Tunes for Distraction Free Writing

When I’m writing, I go through phases. Sometimes I need complete silence—every little sound bothers me, and I won’t be able to think. Other times, I need to get out of the house and work where there’s some kind of constant, ambient background noise, like at a café or coffee shop. Often, I’ll end up writing Panera, simply because they don’t play their music very loudly (if at all) and they don’t get annoyed at me for taking up a table for an extra hour after I’ve finished eating.

But sometimes in order to get the words flowing, I need to put myself in another state of mind—that kind of meditative state that only music can achieve. It opens my mind up to new imagery and sensations, and makes it easier to translate certain feelings and emotions onto the page.

Slow, electronic ambiance for mysterious or introspective scenes, frenetic cacophonous music for fight scenes, epic symphonic scores for sweeping adventure or take-charge scenes . . . I pick my background music carefully depending on what I’m trying to accomplish in my story that day. But every song I choose has one thing in common: there can’t be any lyrics. Or if there are, they can’t be in English or it will mess with my ability to string words together and have those words make any sense.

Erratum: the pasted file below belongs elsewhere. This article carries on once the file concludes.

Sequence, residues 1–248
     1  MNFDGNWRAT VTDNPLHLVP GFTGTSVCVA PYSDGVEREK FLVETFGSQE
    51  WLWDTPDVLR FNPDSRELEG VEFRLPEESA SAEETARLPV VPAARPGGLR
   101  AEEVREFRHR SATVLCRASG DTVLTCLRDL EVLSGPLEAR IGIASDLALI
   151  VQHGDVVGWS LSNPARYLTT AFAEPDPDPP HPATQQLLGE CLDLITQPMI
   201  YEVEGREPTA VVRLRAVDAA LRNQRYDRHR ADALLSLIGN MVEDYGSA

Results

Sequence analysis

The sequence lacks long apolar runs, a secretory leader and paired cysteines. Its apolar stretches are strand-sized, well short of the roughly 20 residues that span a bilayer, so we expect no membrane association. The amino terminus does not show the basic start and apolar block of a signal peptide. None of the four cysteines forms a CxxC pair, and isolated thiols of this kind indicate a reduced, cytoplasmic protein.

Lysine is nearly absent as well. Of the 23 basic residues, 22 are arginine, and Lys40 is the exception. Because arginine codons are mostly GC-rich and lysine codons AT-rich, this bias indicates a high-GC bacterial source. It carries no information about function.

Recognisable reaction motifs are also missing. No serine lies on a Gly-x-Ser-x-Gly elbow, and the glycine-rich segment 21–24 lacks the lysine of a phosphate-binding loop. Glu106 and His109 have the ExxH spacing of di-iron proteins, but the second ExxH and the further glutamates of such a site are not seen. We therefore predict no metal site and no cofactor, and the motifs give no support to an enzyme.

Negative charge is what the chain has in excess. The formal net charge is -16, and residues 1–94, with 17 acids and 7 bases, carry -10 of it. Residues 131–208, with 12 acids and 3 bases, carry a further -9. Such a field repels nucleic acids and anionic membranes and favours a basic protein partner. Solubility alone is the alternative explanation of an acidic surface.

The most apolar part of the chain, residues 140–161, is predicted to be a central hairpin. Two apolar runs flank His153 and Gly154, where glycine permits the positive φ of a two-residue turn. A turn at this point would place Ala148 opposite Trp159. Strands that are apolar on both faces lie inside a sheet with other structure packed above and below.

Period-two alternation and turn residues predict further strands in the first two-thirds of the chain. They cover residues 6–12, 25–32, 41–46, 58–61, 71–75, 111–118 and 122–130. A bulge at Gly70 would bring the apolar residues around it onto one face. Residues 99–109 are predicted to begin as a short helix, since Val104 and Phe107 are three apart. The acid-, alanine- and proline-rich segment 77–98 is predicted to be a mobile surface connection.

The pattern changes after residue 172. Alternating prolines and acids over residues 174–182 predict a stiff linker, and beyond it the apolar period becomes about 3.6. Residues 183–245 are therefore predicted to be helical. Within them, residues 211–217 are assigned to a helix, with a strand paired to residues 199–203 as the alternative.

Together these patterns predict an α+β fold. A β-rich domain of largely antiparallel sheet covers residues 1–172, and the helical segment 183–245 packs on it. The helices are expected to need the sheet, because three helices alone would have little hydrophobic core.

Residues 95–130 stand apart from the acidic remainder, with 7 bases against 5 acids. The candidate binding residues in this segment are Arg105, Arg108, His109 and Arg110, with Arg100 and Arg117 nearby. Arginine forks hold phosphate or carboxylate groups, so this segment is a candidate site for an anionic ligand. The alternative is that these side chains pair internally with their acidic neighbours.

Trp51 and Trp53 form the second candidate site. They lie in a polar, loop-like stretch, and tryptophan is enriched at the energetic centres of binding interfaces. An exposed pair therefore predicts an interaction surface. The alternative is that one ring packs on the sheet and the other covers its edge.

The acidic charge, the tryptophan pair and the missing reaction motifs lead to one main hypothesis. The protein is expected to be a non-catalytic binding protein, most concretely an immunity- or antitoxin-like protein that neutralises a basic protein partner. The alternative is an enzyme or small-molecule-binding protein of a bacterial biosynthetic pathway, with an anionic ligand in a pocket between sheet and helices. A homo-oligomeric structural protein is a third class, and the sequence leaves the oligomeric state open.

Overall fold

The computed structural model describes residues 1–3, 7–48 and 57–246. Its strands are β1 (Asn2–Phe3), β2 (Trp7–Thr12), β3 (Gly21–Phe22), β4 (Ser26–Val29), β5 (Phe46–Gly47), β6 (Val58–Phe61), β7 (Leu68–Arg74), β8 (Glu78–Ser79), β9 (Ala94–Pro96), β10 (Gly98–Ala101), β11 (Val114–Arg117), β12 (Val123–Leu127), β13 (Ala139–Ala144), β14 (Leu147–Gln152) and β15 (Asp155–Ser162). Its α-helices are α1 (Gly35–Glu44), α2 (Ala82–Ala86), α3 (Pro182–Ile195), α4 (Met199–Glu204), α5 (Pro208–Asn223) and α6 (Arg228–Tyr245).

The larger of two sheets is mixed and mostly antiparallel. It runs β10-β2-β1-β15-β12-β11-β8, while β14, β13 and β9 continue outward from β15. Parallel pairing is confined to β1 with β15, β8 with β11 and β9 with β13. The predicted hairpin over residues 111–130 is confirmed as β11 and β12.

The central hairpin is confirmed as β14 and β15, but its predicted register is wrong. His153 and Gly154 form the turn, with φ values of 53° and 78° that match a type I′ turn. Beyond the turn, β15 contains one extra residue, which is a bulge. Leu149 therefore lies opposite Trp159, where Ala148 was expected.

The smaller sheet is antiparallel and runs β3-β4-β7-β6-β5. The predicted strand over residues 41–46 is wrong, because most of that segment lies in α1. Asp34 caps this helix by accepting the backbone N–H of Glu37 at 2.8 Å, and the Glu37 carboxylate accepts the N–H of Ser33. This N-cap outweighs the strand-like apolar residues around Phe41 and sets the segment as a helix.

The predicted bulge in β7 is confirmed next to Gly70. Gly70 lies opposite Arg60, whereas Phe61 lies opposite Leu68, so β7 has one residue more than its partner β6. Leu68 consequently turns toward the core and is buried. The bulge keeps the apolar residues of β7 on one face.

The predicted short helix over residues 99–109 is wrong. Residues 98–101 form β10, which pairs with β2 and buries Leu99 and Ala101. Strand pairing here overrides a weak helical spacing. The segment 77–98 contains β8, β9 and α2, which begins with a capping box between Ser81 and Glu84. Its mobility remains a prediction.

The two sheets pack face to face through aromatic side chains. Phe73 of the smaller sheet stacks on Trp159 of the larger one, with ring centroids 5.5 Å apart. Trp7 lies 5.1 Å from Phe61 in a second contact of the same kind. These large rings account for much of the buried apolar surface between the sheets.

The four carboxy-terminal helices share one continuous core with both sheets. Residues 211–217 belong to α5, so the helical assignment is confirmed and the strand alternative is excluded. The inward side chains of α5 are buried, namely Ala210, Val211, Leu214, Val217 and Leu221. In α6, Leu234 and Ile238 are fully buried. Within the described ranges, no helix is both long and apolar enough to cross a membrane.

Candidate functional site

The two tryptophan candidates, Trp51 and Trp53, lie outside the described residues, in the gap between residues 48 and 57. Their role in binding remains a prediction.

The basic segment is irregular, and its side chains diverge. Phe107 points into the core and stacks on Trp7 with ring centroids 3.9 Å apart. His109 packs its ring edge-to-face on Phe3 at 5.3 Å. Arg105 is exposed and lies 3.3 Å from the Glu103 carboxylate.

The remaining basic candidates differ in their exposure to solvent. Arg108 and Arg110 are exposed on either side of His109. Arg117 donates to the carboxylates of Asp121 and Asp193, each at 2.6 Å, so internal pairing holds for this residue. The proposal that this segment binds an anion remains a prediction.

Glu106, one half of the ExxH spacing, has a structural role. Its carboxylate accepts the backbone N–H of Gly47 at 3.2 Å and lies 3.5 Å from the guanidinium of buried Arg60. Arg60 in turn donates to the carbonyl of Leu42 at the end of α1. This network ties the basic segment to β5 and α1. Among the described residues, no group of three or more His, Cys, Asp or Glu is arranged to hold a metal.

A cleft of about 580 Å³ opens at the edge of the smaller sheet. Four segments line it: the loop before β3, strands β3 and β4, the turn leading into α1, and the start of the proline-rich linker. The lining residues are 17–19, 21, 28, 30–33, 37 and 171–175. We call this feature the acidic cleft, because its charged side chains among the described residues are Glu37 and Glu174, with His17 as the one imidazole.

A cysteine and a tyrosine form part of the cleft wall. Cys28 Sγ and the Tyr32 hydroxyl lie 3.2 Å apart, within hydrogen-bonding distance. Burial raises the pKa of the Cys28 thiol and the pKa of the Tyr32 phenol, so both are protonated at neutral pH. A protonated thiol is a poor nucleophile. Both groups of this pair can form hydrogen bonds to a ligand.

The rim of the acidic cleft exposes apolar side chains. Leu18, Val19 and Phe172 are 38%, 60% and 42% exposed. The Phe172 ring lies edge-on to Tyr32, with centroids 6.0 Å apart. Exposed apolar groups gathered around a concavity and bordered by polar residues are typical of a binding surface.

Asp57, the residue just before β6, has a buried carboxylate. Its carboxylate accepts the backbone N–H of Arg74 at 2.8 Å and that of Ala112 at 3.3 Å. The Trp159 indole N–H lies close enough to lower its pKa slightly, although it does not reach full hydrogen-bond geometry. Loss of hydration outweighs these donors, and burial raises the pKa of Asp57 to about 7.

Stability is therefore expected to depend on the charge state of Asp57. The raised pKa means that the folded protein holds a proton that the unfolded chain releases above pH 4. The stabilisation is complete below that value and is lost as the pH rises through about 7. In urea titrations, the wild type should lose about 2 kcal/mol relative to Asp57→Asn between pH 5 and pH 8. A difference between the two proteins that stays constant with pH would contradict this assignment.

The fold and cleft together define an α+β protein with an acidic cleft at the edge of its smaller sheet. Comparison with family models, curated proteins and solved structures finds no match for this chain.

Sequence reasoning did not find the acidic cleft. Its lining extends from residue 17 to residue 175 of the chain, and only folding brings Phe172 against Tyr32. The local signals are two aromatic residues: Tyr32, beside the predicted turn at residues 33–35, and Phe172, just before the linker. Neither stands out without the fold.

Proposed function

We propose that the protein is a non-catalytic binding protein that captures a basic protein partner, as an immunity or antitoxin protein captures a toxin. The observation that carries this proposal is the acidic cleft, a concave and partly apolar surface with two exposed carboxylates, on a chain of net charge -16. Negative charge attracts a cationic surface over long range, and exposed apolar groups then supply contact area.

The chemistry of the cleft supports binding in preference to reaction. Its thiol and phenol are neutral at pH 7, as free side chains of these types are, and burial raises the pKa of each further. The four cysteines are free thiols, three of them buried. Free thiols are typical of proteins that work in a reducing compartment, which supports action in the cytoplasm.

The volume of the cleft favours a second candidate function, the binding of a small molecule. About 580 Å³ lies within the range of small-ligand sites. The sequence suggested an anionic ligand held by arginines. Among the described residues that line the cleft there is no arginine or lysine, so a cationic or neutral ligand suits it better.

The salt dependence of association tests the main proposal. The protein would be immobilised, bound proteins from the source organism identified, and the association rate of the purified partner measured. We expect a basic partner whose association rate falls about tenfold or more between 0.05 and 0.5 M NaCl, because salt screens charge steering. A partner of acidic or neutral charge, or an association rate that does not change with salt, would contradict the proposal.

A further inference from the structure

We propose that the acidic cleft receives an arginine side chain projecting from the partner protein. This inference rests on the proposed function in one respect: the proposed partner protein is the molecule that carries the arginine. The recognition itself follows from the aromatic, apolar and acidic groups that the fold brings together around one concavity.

Soundtracks are great for this, though if they’re too iconic (Harry Potter, anyone?) I might find myself reminiscing about scenes from the movie they belong to rather than focusing on the scenes I’m supposed to be writing. So again, I’m picky when it comes to choosing soundtracks. The Jason Bourne movie scores work well for me. Also Tron Legacy, and some (but not all) of the songs from the Pirates of the Caribbean films. But lately I’ve been seeking other sources of lyric-less music as well, and I thought I’d share with you the ones I like best. Most of the following are Spotify links, but if you don’t have an account, you can easily find them on iTunes, Xbox Music, and Amazon.